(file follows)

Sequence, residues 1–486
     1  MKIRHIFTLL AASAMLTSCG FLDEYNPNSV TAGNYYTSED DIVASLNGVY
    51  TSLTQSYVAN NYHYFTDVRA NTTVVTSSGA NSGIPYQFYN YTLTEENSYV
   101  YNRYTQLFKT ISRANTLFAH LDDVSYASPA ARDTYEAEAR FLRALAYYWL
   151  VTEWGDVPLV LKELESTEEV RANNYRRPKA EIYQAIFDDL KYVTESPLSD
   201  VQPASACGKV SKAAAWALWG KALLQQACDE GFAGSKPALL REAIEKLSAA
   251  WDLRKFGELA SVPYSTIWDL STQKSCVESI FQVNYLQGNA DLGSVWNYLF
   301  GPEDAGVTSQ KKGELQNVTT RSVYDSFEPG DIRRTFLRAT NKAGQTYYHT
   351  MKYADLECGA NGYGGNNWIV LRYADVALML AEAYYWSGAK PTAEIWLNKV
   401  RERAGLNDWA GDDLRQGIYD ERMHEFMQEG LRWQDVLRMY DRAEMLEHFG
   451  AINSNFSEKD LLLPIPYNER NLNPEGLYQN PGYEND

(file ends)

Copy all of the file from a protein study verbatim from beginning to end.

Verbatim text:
Sequence, residues 1–486
     1  MKIRHIFTLL AASAMLTSCG FLDEYNPNSV TAGNYYTSED DIVASLNGVY
    51  TSLTQSYVAN NYHYFTDVRA NTTVVTSSGA NSGIPYQFYN YTLTEENSYV
   101  YNRYTQLFKT ISRANTLFAH LDDVSYASPA ARDTYEAEAR FLRALAYYWL
   151  VTEWGDVPLV LKELESTEEV RANNYRRPKA EIYQAIFDDL KYVTESPLSD
   201  VQPASACGKV SKAAAWALWG KALLQQACDE GFAGSKPALL REAIEKLSAA
   251  WDLRKFGELA SVPYSTIWDL STQKSCVESI FQVNYLQGNA DLGSVWNYLF
   301  GPEDAGVTSQ KKGELQNVTT RSVYDSFEPG DIRRTFLRAT NKAGQTYYHT
   351  MKYADLECGA NGYGGNNWIV LRYADVALML AEAYYWSGAK PTAEIWLNKV
   401  RERAGLNDWA GDDLRQGIYD ERMHEFMQEG LRWQDVLRMY DRAEMLEHFG
   451  AINSNFSEKD LLLPIPYNER NLNPEGLYQN PGYEND